Saul and Sara spent summers at Sunny Oaks until 1996, the year Sara passed away at the age of 94. Sara reportedly bequeathed several trusts, one valued at $1 million and another worth $1.2 million, which were eventually to be split among Ruth, her sister, and the grandchildren. When Saul passed away three years later, his will listed two State of Israel bonds with a value of $1,000 each and 992 shares of Pitney Bowes stock worth $39,000 as his primary assets. It wasn’t much money to Ruth—she is said to have given her portion of the inheritance to her sister and grandchildren. By that point she was wealthy beyond her wildest imaginings, thanks to her husband’s booming business.
Bernard L. Madoff Investment Securities was a family affair. Ruth’s office was on the eighteenth floor of 885 Third Avenue, sandwiched between the investment-advisory business on seventeen and the legitimate market-making company on nineteen. Shana Madoff, Bernie’s niece and the company compliance lawyer, also had offices on eighteen, along with Charles Wiener, the son of Bernie’s sister Sondra Wiener and the head of administration, and Maurice “Sonny” Cohn, who co-founded Cohmad Securities with Bernie and was recently charged with fraud by the SEC. According to a longtime employee, Joan’s husband, Robert Roman, also worked for the company doing insurance until two years ago, when he handed the job over to his son-in-law, Seth Hochman.
For many years, Ruth worked there, paying the invoices for the company. She also handled her and her husband’s personal checkbooks and expenses, rather than having a secretary do it, as Bernie’s brother Peter did. “They didn’t believe in letting other people take care of their personal stuff, when it came to money,” says a longtime employee of the firm.
Once she stopped working full-time, sometime in the nineties, Ruth continued to come into the office once or twice a week when she wasn’t traveling. “She played golf, visited her grandchildren, she had her hair done,” says the longtime employee. Occasionally she and Bernie went out to lunch, sometimes ending up at P. J. Clarke’s up the street or Nicola’s on 84th Street. Other times, Ruth would simply sweep into Bernie’s office and speak with him behind closed doors. She was bawdy and brassy, reportedly telling her husband, “Go fuck yourself,” or “I don’t give a shit,” when she got annoyed.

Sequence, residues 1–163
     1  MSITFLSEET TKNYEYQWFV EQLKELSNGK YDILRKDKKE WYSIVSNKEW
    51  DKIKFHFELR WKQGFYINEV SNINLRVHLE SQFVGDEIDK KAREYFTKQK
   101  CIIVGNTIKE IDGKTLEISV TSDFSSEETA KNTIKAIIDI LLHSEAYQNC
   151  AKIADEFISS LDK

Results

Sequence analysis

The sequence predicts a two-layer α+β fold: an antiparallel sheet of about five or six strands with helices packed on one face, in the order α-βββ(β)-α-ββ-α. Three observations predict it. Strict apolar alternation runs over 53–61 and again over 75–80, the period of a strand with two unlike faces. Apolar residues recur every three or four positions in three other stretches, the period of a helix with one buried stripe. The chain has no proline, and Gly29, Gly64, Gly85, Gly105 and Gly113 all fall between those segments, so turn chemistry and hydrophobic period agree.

One of her closest friends asks: “What’s the definition of a sociopath? Can you do these terrible, horrendous things and still be a good person?”
It wasn’t Ruth’s style to be showy. She favored elegant, simple clothing—lots of black and crisp white dress shirts. But she did enjoy spending the money Bernie’s business provided, especially on travel. Time could be gauged by exotic locale. The Madoffs decamped for six weeks every summer to their apartment in the exclusive Château des Pins community in Cap d’Antibes on the French Riviera, where they also moored one of their multiple yachts named Bull. In the summer of 2008, they returned only once from their sojourn in France for the Madoff annual staff party at the Montauk Yacht Club. “Last summer, they were gone the most ever, which was a little odd,” says one of Ruth’s closest girlfriends.
Ruth’s American Express bill from December 2007 to January 2008 could form the basis for a line chart of her meanderings: $48.01 spent at the Publix supermarket in Palm Beach, Florida; $5,015 at the Montauk Yacht Club; $396 at Tiffany & Co. in New York; and $2,000 at Giorgio Armani in Paris. When they weren’t in France, summer weekends were idled away at the beach house in Montauk, which backs onto white dunes overlooking the sea. In the colder months, Ruth and Bernie traveled back and forth to their waterfront mansion in Palm Beach. In between were the annual ski outings sponsored by Interbourse, an organization of stock-exchange members from all over the world.
Mixed in among the credit-card charges are numerous gifts to charities: $1,000 to Project Sunshine, $10,000 to the 92nd Street Y, and $2,500 to the Everglades Foundation. Ruth and her husband, but primarily Ruth, developed a reputation for being quick with the checkbook. “There was never a charity that I was involved in where Ruth didn’t say, ‘What do you want?’ ” says a close girlfriend. “For all my charities, it was a $10,000 check. The 92nd Street Y, Mount Sinai. Anything we ever did, we knew we could depend on them.” One person involved with an organization the Madoffs donated to recalled visiting them in Palm Beach, asking for money. It was almost alarmingly easy: A casual 45-minute discussion led to a $4 million donation.
“What do we say about the fact that they were very generous when it turns out not to have been their money?” he says. “I’m assuming that’s how they wanted to be perceived, as successful, generous citizens of the world. After you have the houses and the yachts, what else do you want? You want to be well regarded. So they did that, too.”